Getting Creative With Pentatonics

An exposition of some ways in which one can expand out on ideas for lines using pentatonics.

Ultimate Guitar
Introduction Many guitar players learn pentatonic boxes first or early. It's also fairly common for some guitar players to feel like they are in a rut with their lead playing in which reliance on pentatonics seems restrictive. There are many alternatives to pentatonic scales that can help remove that issue, but our purpose here will rather be to focus on ways in which those familiar pentatonic boxes could perhaps be used more creatively and effectively. There is reason to suspect that a part of the problem that people are really running into when they feel stuck in pentatonic boxes, or at least something that applies to the cases of some people, is (1) that they are regurgitating linear, nearly or completely step-wise up/down patterns and/or (2) they have not actually fluently learned the pentatonic scale on the entire neck. The broader problem is that people are being restricted by habit in terms of how they use the notes of whatever scale or mode they are using, and could use some new concepts as tools to expand what can be done. For the sake of clarity and convenience, lets have A minor pentatonic (A, C, D, E, and G) be our starting point, in the 5th position on the neck. Here it is for reference: A Minor Pentatonic (5th Position)
[Note on string skipping: A good deal of the examples given in this lesson involve string skipping to some extent. With string skipping, a need for a sufficient technique arises. The two main options I would suggest are either hybrid picking or straight finger picking. Both are useful, although some may find that just using one's fingers is technically the most comfortable, easy way to do it when there is a lot of wide intervalic leaps going on. It may actually be fruitful to try playing some of these examples without a pick.] Odd Note Groupings With Pentatonics One useful idea is to play around with odd note groupings, such as groups of 5 and 7, using pentatonics. This can give one's lines an interesting syncopated feel when played against an even pulse, especially if one uses accents. Some sequences can be made this way: Sequence Example 1 (Descending Groups of 5)
Sequence Example 2 (Descending Groups of 7)
One can also break up groups of 5 into 2 and 3, or a group of 7 into 4 and 3: Sequence Example 3 (Ascending Groups of 5 broken up into 2 and 3)
Sequence Example 4 (Ascending Groups of 7 broken up into 4 and 3)
Intervalic Leaping With Pentatonics Lets move on by considering the usage of wider intervalic leaps using pentatonics, which to one extent or another inherently involves string skipping. It is useful to be aware of the possibility of sequencing the pentatonic scale using intervalic leaps. This is good practise in and of itself for developing less linear lines, even if one is sticking to a simple and familiar pentatonic fretboard pattern as the framework that the lines are built from. Keeping things within the range of no more than an octave leap, there are a number of possible leaps that can be sequenced: Sequence Example 1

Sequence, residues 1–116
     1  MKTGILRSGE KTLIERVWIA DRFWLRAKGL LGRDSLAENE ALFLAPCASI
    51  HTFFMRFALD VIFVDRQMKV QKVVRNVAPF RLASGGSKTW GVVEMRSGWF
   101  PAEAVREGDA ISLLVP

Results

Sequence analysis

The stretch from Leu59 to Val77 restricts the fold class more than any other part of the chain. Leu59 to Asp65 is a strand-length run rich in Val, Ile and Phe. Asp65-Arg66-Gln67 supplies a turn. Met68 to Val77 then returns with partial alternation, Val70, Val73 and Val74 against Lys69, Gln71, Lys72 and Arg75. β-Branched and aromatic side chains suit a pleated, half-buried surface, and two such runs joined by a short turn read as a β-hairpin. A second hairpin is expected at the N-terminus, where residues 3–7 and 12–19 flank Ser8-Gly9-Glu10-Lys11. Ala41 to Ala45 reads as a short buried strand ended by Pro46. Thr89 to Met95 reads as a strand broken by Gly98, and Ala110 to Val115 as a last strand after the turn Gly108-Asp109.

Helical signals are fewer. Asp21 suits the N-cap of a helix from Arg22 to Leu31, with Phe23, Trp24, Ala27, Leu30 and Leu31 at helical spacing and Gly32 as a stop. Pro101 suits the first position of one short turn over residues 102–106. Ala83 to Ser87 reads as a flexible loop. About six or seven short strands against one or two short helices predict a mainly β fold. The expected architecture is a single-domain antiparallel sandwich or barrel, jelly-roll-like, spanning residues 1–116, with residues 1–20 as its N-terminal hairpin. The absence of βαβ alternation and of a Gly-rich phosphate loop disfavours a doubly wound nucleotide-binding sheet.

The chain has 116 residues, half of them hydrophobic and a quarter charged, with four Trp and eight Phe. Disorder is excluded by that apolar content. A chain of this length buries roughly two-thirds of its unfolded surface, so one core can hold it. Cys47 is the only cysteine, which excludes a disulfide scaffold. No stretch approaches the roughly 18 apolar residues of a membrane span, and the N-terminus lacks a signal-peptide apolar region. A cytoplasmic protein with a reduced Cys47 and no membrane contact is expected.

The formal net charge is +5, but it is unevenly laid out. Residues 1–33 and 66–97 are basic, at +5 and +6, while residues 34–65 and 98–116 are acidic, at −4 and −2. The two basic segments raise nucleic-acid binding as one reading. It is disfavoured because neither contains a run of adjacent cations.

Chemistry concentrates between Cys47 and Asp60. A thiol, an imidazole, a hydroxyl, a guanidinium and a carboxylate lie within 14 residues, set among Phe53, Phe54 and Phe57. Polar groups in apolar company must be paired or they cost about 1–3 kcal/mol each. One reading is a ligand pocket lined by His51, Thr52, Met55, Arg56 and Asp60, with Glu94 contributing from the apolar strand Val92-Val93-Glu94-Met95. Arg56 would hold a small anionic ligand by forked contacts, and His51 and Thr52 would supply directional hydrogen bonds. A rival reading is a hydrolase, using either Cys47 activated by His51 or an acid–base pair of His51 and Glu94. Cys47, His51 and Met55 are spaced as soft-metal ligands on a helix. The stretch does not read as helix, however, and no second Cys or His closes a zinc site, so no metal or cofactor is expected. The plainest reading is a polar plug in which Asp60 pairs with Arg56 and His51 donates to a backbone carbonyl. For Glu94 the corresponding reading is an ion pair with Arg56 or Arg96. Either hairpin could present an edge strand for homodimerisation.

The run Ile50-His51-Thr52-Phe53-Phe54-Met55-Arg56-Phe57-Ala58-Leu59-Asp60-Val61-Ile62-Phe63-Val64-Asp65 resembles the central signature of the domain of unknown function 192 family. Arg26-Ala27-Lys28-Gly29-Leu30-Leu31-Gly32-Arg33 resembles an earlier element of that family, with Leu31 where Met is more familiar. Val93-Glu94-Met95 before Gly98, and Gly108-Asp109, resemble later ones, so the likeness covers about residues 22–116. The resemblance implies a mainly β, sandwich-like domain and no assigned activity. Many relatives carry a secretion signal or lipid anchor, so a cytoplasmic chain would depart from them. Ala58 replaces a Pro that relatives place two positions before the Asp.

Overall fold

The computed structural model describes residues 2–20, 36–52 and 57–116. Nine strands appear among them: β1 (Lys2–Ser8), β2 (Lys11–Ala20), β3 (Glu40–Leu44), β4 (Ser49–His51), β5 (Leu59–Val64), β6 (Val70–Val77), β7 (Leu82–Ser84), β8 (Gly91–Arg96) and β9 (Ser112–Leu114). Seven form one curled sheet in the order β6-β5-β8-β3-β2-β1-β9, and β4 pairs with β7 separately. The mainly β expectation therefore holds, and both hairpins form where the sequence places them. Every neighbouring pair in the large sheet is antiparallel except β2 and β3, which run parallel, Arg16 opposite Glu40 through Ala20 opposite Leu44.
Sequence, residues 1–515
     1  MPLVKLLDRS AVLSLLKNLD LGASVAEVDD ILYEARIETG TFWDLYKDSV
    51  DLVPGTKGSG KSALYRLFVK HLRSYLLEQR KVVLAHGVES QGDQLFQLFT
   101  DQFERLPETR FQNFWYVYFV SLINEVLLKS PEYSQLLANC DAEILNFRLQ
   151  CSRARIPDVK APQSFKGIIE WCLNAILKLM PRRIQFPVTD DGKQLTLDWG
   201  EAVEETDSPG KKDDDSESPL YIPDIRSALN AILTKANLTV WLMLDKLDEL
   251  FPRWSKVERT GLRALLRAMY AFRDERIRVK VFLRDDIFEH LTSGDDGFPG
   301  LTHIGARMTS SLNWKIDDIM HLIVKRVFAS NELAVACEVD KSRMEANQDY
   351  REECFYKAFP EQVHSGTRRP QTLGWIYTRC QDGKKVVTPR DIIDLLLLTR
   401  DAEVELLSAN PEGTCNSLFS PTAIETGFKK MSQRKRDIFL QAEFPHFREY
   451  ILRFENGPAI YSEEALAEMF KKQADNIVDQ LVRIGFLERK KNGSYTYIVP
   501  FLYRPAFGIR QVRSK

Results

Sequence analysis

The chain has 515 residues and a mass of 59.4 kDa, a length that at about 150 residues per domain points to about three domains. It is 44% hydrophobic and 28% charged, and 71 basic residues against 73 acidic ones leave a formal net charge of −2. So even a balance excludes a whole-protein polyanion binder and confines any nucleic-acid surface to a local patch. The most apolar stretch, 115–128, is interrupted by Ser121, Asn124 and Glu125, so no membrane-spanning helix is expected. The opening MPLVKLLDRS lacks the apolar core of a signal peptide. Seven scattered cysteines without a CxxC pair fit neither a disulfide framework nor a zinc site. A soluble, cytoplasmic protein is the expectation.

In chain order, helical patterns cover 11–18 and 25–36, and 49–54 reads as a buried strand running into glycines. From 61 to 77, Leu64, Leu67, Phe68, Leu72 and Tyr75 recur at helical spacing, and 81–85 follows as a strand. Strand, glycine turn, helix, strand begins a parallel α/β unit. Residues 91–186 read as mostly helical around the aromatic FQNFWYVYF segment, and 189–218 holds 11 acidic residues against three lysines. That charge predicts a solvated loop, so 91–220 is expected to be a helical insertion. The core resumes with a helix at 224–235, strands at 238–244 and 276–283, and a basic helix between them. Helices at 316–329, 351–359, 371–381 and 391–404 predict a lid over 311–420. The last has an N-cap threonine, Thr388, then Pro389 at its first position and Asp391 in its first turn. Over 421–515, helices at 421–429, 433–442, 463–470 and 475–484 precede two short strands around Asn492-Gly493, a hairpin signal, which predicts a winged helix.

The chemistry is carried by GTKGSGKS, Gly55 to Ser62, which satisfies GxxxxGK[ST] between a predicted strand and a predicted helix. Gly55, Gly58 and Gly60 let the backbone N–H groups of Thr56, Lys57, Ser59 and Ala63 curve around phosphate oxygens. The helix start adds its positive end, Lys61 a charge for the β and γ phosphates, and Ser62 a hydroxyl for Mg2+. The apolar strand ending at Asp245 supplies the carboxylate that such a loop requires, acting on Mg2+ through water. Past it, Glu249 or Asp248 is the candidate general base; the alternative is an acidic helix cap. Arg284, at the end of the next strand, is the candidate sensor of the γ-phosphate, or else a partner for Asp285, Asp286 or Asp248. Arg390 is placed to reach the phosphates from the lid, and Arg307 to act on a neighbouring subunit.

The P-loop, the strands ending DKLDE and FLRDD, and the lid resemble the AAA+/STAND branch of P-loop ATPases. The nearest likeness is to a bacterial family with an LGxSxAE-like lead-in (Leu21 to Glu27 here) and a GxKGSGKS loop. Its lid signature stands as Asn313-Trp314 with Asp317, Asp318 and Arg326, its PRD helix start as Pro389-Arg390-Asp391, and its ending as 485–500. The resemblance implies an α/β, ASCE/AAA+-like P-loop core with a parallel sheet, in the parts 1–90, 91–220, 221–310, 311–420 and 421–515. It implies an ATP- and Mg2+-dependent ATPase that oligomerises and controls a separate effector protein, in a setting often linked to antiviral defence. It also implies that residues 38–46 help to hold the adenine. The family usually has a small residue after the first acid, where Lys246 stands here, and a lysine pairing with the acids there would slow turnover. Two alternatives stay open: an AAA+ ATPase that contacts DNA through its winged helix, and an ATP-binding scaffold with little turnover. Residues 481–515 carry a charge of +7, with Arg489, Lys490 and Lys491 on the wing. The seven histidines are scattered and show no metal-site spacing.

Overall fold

Sequence Example 2
Sequence Example 3
Sequence Example 4
By mixing in some of the leaps and patterns that can be found in such sequences, one can apply it to build lines such as: Application Example 1
Application Example 2
Alternative Uses For Pentatonics One possibility for using pentatonics is to isolate the pentatonic notes that naturally exist within normal 7-note scales and modes. There are 3 pentatonic shapes that can be found within such a given scale. For example, if we took the notes of A natural minor (A, B, C, D, E, F, G), we find the notes of A minor pent (A, C, D, E, G; the most obvious one), D minor pent (D, F, G, A, C) and E minor pent (E, G, A, B, D). A cool concept is to superimpose these pentatonics over a root note or a chord. So if one was playing in A minor, and a bassist hits an A note, or perhaps another guitarist or a pianist plays an Am7 chord, one could play the notes from E minor pent over it. One is technically still playing in A minor, but picking out pentatonic notes from it to give it a certain flavor. This applies to all of the basic modes as well. To illustrate this in some musical context and integrate it with the rest of what's been covered, suppose that one was playing a lead part over what is essentially a modal drone or vamp in F lydian (perhaps there is a bass part mostly hanging on the root and 5th, or there is a sustained Fmaj7#11). To construct lines I could use an A minor pentatonic box (which would isolate the 2nd, 3rd, 5th, 6th, and 7th degrees of F lydian) and an E minor pentatonic box (which would isolate the 2nd, 3rd, 4th, 6th, and 7th degrees of F lydian): Application Example 1 (over F in bass)
Or, to switch to a different musical context, one could use an E minor pentatonic box over an Am7 chord because it contains enough of the chord tones (E, G, A). The more extensions that are added to the chord, the more the pentatonic box's notes effectively become chord tones. If we make it an Am11 chord, excluding the 3rd, it contains all five notes of E minor pentatonic: E (5), G (7), A (root), B (9), and D (11). Perhaps something like this could be played: Application Example 2
Summary Hopefully this has been good food for thought (or food for ears). Integrating these kinds of ideas into one's pentatonic playing can produce some interesting results if you make it your own.

3 comments sorted by best / new / date

    Good ideas, but you could have spaced the tabs out a little more. They were a little hard to read at times.